- Lecture presentation
- Open Access
Clinical research and networks – a good marriage?
© Farrar; licensee BioMed Central Ltd. 2011
- Published: 10 January 2011
- H1N1 Virus
- Influenza Pandemic
- H5N1 Influenza
- Clinical Science
The largest, most devastating outbreak of an infectious disease in modern history occurred in 1918, when a highly virulent influenza A H1N1 virus spread throughout the world and killed between 20 and 40 million people. This haunting memory has led to continued concern about the ongoing circulation of avian H5N1 influenza virus and sensitized the world to the potential of the recent H1N1 2009 pandemic. Considering the potential death toll of a 1918-like influenza pandemic, the still evolving HIV/AIDS epidemic, the spread of drug resistance, and the massive and unprecedented changes in the environment and societies throughout much of the developing world such collective global but more importantly regional investment must be a top priority. Investment in scientific and health care infrastructure and consideration of new paradigms for clinical science are required to address the global health challenges of the 21st Century.
International cooperation, collaboration and sharing of data is essential, but this will only happen if there is trust engendered between scientists by long term shared endeavour via an equitable scientific partnership between the north and the south. Such partnerships cannot be generated quickly and only when the rich world feels threatened by something that might potentially spread to them from the developing world. The information from such research and the benefits need to be shared and flow equitably in both directions. There has been a remarkable explosion in the molecular and other basic sciences over the last twenty years. There is a very real danger that as we continue to neglect (and make increasingly and unnecessarily bureaucratic and complicated) patient orientated research and public health that it will be these areas that will hold back the phenomenal opportunities that might accrue from the basic scientific revolution. From SNPs to cellular responses, from cytokines to arrays and through to proteomics and beyond we can now deliver a mass of scientific data in minutes. Unless we can rationalise that data and put it into the context of a human being, the environment and community in which they live we will not deliver the promised benefits of this remarkable scientific age to people who need it most. We have neglected the clinical and public health bit of clinical science for too long and we have failed to build sufficient long term equitable scientific partnerships between the north and the south.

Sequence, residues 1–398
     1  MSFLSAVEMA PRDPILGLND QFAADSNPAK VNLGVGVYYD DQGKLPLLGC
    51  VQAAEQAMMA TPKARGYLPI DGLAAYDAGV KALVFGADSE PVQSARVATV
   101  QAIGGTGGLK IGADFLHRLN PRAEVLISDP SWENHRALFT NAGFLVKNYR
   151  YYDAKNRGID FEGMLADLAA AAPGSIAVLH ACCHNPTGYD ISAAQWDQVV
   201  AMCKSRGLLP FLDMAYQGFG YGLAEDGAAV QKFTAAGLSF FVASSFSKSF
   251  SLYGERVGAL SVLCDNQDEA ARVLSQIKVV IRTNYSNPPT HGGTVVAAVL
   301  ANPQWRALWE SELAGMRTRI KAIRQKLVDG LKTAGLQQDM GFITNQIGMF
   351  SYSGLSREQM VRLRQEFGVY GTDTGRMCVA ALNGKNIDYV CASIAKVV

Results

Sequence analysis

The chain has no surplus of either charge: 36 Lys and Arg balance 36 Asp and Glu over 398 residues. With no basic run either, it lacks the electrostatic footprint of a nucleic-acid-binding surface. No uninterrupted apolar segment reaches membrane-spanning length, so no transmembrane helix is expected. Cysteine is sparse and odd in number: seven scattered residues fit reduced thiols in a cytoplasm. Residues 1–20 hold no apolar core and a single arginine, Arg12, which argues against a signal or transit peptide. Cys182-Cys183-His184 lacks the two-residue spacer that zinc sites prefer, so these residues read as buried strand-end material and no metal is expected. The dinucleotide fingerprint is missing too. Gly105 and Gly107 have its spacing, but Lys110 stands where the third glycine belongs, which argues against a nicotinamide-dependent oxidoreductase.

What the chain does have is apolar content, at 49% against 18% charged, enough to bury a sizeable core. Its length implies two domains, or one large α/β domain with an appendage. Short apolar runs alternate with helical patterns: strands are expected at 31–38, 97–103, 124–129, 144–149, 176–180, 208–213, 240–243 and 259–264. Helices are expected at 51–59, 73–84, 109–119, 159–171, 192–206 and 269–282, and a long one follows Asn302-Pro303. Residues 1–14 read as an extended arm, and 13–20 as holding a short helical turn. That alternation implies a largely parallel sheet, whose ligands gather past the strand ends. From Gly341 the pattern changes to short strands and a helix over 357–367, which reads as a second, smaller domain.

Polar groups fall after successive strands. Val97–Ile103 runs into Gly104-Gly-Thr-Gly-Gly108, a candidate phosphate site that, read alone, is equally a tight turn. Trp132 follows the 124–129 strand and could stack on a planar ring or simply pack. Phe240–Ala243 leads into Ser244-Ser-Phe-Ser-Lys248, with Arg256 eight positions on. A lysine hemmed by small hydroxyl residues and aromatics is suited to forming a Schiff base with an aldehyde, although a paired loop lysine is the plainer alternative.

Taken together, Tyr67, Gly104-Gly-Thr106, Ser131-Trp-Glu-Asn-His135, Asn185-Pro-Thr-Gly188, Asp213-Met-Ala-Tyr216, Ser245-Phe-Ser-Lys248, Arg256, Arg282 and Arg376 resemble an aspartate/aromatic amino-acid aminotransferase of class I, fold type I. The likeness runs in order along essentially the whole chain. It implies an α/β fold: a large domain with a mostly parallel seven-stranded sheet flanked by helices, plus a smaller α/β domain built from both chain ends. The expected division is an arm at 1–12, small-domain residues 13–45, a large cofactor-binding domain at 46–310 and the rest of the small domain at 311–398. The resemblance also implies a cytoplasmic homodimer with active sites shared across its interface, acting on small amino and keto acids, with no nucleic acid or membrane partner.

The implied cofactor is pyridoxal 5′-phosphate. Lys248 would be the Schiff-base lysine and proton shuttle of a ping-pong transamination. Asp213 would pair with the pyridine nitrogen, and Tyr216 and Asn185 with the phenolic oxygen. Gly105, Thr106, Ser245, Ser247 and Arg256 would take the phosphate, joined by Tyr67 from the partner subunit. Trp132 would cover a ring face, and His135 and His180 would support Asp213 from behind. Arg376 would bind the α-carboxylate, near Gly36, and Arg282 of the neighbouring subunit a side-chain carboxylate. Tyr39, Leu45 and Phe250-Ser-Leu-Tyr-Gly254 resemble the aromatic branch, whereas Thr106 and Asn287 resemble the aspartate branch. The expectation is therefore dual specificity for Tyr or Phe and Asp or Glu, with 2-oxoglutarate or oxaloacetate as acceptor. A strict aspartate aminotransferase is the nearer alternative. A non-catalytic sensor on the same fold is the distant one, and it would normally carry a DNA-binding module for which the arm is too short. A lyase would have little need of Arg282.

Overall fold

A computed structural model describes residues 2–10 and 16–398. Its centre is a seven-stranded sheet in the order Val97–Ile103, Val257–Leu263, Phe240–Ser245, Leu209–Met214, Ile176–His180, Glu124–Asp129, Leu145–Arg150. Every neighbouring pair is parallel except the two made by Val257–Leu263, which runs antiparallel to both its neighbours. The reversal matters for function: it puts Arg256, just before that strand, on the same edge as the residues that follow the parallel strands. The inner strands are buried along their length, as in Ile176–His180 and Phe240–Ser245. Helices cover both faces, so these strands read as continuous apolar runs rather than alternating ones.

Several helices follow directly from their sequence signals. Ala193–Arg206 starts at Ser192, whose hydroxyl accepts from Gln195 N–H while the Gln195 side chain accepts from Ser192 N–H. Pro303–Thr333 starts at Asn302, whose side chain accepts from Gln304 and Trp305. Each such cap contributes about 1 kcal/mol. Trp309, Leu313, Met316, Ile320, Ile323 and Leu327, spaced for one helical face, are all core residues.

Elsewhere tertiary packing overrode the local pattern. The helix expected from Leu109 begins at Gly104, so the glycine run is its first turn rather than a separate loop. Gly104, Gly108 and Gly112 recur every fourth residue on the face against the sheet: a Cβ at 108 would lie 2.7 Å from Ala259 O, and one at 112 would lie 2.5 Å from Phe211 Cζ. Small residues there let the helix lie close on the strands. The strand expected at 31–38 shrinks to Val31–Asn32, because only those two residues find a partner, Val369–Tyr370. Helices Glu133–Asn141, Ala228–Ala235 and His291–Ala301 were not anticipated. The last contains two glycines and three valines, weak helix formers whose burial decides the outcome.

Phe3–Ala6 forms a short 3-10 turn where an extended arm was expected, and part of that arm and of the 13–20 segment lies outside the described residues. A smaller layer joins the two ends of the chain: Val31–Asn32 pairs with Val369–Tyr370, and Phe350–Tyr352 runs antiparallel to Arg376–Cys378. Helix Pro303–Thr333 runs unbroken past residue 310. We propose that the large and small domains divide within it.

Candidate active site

There is now a great opportunity to reinvigorate health research fully integrated with the basic and social sciences and to build strong international collaborations with the centre of gravity firmly based where the need is greatest. The potential opportunities that can arise from such collaborations and networks are enormous but like marriage such endeavours need a great deal of work in order to be successful and they may not be the answer to everything!
This article is published under license to BioMed Central Ltd. This is an open access article distributed under the terms of the Creative Commons Attribution License (http://creativecommons.org/licenses/by/2.0), which permits unrestricted use, distribution, and reproduction in any medium, provided the original work is properly cited.